Drive Drunk? Be Ready to Pay Child Support

Drive Drunk?  Be Ready to Pay Child Support

Ale Lossing, Staff Writer

   A new state law in Tennessee, called Bentley’s Law, targets impaired drivers convicted of vehicular homicide that will be ordered to pay restitution in the form of child support until the children(s) have reached 18 years old and graduate from high school. The new law raises many questions, the most being, what is the purpose that the law serves to everyone?

   Cecilia Williams, who created the law, named the legislation after her 5-year-old grandson. She hopes that the new law will lift some of the financial burdens of kids left without parents. “It will always be a constant reminder to the offender of what the person’s actions have caused,” said Williams. 

   The bill cites several reasons why the payments of child support are necessary when it comes to vehicular manslaughter of a minor’s parent(s). “A parent is responsible for the education and upbringing of that child and when then that parent is removed from the home over something so, in my opinion, foolish where we drink and drive and take the life of an innocent, then someone needs to be responsible for the upbringing of those children,” said State Representative Republican Mark White.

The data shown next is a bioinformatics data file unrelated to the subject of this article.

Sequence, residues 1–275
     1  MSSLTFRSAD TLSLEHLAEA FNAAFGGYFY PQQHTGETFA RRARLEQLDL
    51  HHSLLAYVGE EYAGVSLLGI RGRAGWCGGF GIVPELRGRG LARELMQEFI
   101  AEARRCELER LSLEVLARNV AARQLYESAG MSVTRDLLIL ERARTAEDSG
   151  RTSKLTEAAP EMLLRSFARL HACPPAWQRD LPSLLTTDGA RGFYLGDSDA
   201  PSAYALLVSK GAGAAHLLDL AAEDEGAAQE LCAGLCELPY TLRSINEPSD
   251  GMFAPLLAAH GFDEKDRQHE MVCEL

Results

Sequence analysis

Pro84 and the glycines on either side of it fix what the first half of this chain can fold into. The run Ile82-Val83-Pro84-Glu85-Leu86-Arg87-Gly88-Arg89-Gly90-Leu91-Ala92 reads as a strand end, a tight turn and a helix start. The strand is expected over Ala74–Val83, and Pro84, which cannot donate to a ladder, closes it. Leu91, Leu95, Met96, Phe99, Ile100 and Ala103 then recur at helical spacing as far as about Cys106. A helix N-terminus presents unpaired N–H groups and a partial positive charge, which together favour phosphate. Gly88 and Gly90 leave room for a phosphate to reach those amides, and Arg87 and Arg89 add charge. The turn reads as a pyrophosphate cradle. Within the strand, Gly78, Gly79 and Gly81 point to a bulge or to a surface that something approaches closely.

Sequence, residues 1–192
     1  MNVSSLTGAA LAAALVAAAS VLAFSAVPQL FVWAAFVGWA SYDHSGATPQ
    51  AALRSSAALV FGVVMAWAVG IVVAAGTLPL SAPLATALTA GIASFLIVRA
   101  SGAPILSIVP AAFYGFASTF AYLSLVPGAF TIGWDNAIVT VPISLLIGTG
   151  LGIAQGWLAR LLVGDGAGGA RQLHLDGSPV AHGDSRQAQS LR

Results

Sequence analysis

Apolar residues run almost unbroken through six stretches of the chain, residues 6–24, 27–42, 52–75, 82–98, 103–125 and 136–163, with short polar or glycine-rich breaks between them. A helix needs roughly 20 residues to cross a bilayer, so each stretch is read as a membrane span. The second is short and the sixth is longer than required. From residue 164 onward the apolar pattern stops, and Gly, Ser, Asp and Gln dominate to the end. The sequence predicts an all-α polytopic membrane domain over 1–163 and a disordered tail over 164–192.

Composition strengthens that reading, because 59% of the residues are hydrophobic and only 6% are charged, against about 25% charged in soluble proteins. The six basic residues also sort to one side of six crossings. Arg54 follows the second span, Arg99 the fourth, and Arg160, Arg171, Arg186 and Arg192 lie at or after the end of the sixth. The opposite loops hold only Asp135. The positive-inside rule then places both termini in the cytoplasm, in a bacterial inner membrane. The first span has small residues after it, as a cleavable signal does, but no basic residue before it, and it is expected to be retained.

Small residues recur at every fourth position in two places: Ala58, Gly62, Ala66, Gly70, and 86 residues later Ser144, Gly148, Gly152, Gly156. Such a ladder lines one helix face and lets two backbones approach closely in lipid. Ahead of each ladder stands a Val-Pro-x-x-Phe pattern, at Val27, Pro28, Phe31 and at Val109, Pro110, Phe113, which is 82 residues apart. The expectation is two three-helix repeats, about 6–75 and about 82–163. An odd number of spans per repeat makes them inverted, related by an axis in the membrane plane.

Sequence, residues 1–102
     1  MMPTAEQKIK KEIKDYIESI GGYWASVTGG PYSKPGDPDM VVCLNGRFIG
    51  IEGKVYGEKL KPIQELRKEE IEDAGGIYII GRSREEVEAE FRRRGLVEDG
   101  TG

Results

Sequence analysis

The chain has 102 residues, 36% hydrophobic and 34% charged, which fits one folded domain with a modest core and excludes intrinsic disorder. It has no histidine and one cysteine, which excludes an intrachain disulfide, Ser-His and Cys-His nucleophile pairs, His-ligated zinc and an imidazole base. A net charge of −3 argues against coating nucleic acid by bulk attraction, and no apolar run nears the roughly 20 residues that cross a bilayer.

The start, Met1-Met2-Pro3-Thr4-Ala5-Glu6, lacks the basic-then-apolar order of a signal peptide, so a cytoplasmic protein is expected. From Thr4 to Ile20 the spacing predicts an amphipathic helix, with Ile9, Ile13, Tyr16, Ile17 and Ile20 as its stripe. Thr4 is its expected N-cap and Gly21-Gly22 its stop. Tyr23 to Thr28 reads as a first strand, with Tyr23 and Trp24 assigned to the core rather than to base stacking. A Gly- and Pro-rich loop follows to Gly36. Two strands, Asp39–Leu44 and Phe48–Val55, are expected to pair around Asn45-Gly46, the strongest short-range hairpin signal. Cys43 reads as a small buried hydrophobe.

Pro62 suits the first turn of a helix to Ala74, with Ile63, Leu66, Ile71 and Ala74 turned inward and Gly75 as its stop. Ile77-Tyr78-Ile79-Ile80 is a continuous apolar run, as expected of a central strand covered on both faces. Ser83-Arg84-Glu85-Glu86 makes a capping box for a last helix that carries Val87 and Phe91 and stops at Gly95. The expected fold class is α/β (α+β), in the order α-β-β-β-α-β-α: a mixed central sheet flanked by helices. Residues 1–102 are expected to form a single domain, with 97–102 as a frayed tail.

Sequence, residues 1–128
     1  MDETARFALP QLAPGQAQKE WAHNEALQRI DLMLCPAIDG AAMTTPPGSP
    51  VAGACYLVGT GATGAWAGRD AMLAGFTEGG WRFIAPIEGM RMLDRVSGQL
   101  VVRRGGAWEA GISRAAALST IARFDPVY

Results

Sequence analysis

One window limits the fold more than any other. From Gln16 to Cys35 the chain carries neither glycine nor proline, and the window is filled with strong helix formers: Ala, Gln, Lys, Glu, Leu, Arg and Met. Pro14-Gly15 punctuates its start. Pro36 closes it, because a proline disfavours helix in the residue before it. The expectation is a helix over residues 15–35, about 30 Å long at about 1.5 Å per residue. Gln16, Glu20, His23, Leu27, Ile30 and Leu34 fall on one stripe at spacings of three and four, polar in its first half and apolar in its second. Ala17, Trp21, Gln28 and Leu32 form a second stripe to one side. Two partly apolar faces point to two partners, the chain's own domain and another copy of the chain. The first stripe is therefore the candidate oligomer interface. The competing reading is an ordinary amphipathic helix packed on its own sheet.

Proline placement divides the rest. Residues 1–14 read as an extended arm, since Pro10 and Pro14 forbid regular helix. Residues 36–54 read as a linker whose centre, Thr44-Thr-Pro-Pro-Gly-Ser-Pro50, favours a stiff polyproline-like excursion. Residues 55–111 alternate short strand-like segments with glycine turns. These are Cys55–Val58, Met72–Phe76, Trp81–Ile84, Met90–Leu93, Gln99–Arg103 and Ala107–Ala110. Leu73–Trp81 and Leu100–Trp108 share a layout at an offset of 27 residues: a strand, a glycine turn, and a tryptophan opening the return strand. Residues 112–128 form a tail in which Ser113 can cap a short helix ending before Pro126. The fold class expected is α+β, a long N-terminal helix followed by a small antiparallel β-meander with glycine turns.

Some have questioned Bentley’s law saying, “As much as I love this (law); how can someone in prison pay child support with zero income?” According to the bill, it gives the DUI offenders who are in jail up to one year after their release to make payment. If the child turns 18 and the payments aren’t completed, the offender must continue to pay until all debts are paid off. 

   The law sparks curiosity in how this will influence the decrease of drunk driving. According to the CDC, 32 people are killed by alcohol-impaired drivers everyday. With this new law, the goal is not only to decrease drunk driving, but help the families that are left behind with the burden of extra finances. Other states have similar bills being considered after realizing the benefits of punishing someone for their poor decisions.